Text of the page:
Written by Roxanne Bauer
Afghans and, indeed, Muslims throughout the world are protesting for a sixth day the recent and unintentional burning of Qur’an at the US’ largest base in Afghanistan. Despite a direct apology from President Obama to Afghan President Hamid Karzai, more than 30 people have been killed in the protests, including two American officials, and hundreds more are injured. As a result, commander of NATO and US forces, General John Allen, recalled NATO personnel from the ministries in Kabul and also promised a quick and decisive investigation of the incident.
While initial investigations indicate that local forces recognized the type of material in the pile set for burning and intervened, the disposal process demonstrates that the Qur’an could have been burned.
In a war that seemingly has no end and relies heavily on endearing positive popular opinion, this incident may prove to be pivotal. The possibility that Western forces may have incinerated Qur’an reinforces the premise that the US and NATO forces do not respect Afghan or Muslim traditions and adds fire to other recent events like the video showing US soldiers urinating on dead Taliban soldiers. It also provides an opening for the Taliban and other organizations that wish to provoke conflict for their benefit.
Eventually, the protests will stop. However, one wonders how long the Afghans will remember that foreign troops desecrated their holy book. In the battle over perceptions, the US needs to start living by the standards it professes to engender the kind of goodwill it hopes for.
This could start with more serious language and culture courses for troops. It seems obvious to say, but the whole mess could have been avoided if just one NATO troop had been able to read the words “Qur’an” in Arabic and remove the books from the pile. It is not necessary that this soldier be able to read the entirety of the book or understand the subtle nuances of the language. It would only have been necessary to recognize what the word Qur’an looks like written in Arabic and to understand the cultural and religious significance of burning the books. Proper language instruction and cultural sensitivity could have stopped all the anger and heartache.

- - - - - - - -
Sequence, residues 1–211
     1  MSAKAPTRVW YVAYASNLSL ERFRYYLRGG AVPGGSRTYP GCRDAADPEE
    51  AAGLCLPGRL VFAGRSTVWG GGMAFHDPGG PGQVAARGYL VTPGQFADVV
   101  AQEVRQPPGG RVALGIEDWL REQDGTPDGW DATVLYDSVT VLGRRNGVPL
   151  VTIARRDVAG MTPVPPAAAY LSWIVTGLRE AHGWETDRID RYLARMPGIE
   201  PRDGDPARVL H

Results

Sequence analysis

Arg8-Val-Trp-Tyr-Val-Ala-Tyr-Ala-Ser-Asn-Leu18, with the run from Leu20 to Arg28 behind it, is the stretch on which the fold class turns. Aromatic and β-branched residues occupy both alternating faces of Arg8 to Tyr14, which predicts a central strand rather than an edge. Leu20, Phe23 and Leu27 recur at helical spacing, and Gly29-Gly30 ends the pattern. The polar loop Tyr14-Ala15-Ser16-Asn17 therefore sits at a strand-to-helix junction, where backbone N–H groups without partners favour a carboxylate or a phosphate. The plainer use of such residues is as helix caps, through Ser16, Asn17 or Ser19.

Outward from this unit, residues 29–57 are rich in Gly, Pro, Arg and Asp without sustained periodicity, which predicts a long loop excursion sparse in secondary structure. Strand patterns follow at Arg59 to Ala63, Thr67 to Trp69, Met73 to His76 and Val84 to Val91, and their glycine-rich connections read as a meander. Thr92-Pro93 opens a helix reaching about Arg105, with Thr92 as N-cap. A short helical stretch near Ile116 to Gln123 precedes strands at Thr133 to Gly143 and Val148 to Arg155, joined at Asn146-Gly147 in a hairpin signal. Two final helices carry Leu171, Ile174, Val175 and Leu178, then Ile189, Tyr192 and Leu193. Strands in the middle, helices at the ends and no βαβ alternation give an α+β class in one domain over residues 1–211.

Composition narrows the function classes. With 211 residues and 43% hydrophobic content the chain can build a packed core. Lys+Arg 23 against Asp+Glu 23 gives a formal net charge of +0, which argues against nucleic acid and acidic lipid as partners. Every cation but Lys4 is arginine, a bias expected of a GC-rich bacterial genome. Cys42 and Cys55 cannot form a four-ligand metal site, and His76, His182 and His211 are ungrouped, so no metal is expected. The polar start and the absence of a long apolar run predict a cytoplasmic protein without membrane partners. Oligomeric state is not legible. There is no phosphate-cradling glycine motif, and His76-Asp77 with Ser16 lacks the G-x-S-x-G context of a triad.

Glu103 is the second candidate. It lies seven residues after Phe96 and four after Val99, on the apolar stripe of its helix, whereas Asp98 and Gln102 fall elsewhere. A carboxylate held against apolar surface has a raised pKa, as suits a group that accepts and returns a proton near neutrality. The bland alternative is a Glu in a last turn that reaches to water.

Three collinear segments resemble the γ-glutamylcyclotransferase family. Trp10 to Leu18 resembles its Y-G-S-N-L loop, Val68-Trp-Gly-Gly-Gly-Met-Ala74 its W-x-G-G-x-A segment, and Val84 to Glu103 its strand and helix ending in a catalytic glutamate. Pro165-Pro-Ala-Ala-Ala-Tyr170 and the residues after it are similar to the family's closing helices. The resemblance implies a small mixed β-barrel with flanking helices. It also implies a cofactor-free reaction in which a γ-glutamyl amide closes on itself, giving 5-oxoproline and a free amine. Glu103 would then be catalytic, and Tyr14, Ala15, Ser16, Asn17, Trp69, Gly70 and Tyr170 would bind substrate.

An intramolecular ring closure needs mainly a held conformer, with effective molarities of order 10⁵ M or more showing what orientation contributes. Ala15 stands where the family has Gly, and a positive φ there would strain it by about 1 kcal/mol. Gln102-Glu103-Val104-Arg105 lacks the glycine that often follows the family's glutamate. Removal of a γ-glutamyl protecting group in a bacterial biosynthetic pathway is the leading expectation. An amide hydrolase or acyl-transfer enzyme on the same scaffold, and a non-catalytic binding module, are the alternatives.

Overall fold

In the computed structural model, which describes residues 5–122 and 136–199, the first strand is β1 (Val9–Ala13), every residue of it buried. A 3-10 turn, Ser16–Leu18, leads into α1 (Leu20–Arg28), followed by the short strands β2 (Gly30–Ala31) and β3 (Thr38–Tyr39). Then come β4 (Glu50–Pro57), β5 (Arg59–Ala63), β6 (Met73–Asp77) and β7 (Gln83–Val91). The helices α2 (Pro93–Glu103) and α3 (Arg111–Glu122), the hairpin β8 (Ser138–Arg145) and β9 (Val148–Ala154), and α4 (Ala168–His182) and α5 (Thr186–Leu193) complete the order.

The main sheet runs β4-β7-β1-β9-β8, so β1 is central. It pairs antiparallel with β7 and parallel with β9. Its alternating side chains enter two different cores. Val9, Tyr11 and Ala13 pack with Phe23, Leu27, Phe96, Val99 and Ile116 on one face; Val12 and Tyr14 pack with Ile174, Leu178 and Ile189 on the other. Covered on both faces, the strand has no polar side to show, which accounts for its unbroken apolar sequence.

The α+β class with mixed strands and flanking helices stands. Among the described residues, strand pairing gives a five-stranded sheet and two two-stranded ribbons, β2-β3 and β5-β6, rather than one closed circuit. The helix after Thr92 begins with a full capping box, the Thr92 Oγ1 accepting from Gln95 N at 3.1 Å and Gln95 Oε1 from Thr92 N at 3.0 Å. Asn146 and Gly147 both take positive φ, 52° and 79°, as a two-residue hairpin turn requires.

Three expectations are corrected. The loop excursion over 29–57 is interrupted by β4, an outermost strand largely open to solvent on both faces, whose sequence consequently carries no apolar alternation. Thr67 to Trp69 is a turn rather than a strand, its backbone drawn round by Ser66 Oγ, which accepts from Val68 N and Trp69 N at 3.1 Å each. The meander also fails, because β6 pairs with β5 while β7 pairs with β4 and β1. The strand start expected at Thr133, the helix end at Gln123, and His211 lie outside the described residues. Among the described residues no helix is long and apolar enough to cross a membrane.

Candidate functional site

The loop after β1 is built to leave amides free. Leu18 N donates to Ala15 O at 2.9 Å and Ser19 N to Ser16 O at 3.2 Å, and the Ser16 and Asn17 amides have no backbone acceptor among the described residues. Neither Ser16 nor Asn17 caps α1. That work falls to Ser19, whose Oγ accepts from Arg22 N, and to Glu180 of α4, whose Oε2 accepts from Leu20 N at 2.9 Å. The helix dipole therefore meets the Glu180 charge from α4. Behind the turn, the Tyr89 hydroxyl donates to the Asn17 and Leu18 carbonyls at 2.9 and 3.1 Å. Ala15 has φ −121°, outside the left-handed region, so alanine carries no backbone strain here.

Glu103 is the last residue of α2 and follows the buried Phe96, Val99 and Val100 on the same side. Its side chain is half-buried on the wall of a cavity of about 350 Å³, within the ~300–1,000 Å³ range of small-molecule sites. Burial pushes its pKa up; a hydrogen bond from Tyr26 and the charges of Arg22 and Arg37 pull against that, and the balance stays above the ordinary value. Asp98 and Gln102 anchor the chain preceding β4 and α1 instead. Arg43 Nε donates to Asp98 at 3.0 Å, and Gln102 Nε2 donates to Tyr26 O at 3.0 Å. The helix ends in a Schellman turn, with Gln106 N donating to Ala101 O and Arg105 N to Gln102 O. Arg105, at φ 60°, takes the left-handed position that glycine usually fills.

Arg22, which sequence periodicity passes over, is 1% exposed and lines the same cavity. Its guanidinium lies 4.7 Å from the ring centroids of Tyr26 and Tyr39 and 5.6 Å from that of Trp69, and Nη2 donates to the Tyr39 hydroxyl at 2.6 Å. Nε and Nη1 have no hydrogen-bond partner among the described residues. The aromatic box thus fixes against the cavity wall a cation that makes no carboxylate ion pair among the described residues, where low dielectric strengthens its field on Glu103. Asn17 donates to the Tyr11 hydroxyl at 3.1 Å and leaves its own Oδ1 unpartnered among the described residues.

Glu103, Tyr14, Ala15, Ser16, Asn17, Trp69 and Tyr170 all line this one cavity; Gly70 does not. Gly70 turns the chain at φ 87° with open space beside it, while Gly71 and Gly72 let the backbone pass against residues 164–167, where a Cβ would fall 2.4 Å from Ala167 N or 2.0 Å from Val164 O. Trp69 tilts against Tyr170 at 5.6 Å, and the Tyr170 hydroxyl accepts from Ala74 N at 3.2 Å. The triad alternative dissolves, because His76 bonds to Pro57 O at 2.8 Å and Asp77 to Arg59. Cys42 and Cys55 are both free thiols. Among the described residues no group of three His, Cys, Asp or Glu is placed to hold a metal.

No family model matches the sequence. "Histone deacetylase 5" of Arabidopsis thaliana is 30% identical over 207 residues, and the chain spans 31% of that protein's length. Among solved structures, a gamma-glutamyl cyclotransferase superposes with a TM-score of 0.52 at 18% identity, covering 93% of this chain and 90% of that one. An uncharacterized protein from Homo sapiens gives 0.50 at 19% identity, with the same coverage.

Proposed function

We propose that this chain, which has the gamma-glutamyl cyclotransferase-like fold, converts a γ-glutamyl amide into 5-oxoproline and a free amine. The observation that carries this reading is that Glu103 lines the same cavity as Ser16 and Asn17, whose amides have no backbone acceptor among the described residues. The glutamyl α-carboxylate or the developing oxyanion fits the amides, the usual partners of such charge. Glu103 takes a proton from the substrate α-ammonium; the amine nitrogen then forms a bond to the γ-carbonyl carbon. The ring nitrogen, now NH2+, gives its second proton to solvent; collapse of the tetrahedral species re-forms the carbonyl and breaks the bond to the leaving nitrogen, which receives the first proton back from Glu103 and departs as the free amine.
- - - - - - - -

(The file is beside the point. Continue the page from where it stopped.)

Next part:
The National Priorities Project, which operates the website, costofwar.com, estimates that the war in Afghanistan has already cost the US Government more than
$504, 983, 900,000.00 so far. Considering all this money, it is questionable that US and NATO troops are not trained with more adeptness or in greater numbers in local languages and Arabic in order to communicate with local publics.
In August of 2011, Defense Secretary Leon Panetta stated that:
Languages are the key to understanding that world… If we are going to advance stability in some of the countries we are fighting in today, we have to be able to understand what motivates those countries, what motivates their people, and to understand their culture, beliefs, faiths, ideologies, hatreds, and loves.
Clearly, Panetta understood the importance of language, but, despite numerous reports from the Department of Defense, language skills continue to be a problem. The US Government Accountability Office (GAO) said in a May 2011 report that the Army’s low standard of one leader per platoon to have “memorized proficiency” in the local language with the goal of “elementary proficiency” was inadequate. Additionally, the Army’s requirement that all troops ordered to Afghanistan take a 4-6 hour training program for language and culture and the Marine’s requirement of a two-day course for troops ordered to Afghanistan are insufficient and not undertaken with the seriousness required to produce troops that fully understand the gravity and import of language and culture in the region.
Sadly, this latest incident and the military’s inability to cope only prove how crucial public diplomacy is and will continue to be. Language, and all the gifts that it provides, is as crucial a tool as artillery or armor. Language skills also need to be complemented with cultural sensitivity courses that impart the thoughtfulness that US and NATO troops should exercise in their activities.